Update: Non-Compete Agreements Face A Potential Federal Ban

by Jackie Gessner & Tessa Steffens

As an update to our previous blog post on non-compete laws (found here), the Federal Trade Commission (FTC) proposed a rule yesterday that would ban non-competes in employment contracts.

The FTC's broad-sweeping proposed rule would ban employers from imposing non-competes on their workers, including employees, independent contractors, interns, volunteers, and any other workers.

Specifically, the proposed rule would make it illegal for an employer to (1) enter or attempt to enter into a non-compete with a worker; (2) maintain a non-compete with a worker; or (3) represent that the worker is subject to a non-compete. Going even further, the FTC rule would require employers to rescind any non-compete that was entered into with a worker prior to the compliance date and provide notice to the worker of the recission.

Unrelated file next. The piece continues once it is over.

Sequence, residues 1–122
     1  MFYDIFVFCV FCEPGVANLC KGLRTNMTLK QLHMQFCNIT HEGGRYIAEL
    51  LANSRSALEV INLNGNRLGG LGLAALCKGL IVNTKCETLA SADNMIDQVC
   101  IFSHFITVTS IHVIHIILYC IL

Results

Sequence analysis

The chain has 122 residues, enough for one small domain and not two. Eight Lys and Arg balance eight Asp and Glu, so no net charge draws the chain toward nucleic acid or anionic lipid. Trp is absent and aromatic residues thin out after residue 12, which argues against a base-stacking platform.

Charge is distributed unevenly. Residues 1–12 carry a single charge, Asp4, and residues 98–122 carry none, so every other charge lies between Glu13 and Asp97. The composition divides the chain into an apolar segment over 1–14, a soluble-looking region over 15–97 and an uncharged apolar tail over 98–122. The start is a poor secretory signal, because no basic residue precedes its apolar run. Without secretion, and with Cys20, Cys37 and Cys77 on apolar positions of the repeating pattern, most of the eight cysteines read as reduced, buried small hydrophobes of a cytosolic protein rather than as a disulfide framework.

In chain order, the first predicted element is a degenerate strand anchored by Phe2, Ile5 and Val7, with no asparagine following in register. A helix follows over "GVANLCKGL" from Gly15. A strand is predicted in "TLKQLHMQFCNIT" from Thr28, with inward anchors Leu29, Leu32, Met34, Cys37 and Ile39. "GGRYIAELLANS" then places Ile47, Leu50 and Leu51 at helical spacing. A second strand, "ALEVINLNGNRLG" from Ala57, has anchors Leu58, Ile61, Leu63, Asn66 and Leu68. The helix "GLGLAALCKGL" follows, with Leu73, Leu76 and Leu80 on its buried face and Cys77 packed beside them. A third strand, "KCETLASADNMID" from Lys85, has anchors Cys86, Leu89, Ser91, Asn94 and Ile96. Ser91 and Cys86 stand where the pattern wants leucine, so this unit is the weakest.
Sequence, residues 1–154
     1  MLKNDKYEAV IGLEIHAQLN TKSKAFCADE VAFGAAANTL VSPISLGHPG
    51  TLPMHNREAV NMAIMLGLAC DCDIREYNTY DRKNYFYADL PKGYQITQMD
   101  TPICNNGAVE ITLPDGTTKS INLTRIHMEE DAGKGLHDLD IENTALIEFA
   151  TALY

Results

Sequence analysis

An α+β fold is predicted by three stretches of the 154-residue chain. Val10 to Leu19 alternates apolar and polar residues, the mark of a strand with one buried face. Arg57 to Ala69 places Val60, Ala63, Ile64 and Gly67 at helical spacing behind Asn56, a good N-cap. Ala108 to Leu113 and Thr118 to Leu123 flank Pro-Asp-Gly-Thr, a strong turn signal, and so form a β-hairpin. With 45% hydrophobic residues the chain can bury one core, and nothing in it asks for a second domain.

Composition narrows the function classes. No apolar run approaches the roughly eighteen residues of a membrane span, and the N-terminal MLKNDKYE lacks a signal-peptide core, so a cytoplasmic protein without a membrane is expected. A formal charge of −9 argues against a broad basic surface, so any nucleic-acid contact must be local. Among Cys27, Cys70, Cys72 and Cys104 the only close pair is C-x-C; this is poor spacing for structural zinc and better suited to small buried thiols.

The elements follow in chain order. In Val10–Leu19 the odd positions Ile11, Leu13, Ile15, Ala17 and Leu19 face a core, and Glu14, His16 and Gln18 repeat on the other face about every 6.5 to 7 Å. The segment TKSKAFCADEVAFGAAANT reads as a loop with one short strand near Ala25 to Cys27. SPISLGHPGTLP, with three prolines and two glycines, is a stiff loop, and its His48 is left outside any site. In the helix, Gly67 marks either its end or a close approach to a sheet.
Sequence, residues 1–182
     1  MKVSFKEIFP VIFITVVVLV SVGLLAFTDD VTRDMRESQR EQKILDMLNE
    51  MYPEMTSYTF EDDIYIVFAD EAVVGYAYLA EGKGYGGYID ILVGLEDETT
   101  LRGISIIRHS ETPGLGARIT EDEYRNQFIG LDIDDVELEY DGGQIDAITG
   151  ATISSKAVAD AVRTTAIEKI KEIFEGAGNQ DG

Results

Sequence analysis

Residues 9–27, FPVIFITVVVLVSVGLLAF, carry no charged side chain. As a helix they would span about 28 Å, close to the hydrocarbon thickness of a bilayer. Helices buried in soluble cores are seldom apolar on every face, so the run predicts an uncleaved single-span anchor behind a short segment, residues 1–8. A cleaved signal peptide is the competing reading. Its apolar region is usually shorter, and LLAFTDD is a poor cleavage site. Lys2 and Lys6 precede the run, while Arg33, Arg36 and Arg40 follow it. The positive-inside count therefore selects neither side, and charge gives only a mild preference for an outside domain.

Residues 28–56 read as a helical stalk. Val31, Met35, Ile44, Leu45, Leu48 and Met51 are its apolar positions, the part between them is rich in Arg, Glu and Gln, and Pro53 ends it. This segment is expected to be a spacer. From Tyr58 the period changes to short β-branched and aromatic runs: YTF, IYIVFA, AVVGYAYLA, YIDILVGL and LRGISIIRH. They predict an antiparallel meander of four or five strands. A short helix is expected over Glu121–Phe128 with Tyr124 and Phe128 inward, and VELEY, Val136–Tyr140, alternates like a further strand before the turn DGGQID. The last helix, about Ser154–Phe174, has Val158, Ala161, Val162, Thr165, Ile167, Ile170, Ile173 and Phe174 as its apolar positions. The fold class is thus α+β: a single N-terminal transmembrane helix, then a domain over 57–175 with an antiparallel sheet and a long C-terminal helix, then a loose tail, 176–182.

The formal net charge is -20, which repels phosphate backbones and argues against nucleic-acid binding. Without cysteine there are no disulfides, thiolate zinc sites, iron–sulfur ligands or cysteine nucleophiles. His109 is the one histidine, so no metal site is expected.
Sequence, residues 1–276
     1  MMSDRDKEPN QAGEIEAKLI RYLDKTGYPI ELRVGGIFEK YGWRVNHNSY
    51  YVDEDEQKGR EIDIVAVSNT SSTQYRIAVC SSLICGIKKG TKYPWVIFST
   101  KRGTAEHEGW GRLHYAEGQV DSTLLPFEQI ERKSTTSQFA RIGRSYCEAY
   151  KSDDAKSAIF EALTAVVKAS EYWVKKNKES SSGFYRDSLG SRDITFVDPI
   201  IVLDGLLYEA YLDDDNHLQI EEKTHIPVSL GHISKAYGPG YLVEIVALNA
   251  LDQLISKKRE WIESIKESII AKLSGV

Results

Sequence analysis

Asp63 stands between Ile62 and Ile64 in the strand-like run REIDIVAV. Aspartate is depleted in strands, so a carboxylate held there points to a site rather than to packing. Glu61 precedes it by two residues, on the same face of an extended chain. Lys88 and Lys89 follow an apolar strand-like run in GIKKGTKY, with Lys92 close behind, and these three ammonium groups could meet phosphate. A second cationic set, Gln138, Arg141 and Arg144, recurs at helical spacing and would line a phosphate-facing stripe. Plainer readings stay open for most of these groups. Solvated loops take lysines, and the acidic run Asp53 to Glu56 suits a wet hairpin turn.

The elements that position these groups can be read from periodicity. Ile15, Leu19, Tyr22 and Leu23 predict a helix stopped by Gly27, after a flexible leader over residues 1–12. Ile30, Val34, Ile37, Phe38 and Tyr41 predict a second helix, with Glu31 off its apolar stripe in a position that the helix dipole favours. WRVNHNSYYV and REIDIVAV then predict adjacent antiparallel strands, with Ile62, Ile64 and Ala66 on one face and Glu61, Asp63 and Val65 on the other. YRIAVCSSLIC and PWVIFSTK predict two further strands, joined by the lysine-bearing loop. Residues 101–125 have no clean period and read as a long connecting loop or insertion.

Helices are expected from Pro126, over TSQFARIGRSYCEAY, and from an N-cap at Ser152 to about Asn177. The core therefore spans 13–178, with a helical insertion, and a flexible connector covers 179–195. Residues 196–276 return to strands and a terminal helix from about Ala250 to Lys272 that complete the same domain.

Other restrictive covenants are not subject to the proposed rule, as long as they are not so broad that they function as non-competes. There is also a limited exception to the proposed rule for certain non-competes entered into in connection with the sale of a business.

The proposed rule is based on a finding that non-competes constitute an unfair method of competition and therefore violate Section 5 of the Federal Trade Commission Act. The FTC is seeking public comment on the proposed rule for 60 days after the Federal Register publishes the proposed rule.

The rule will be subject to hot debate and likely litigation, if it advances. The Gutwein Law Employment team will continue to update this story as more developments unfold.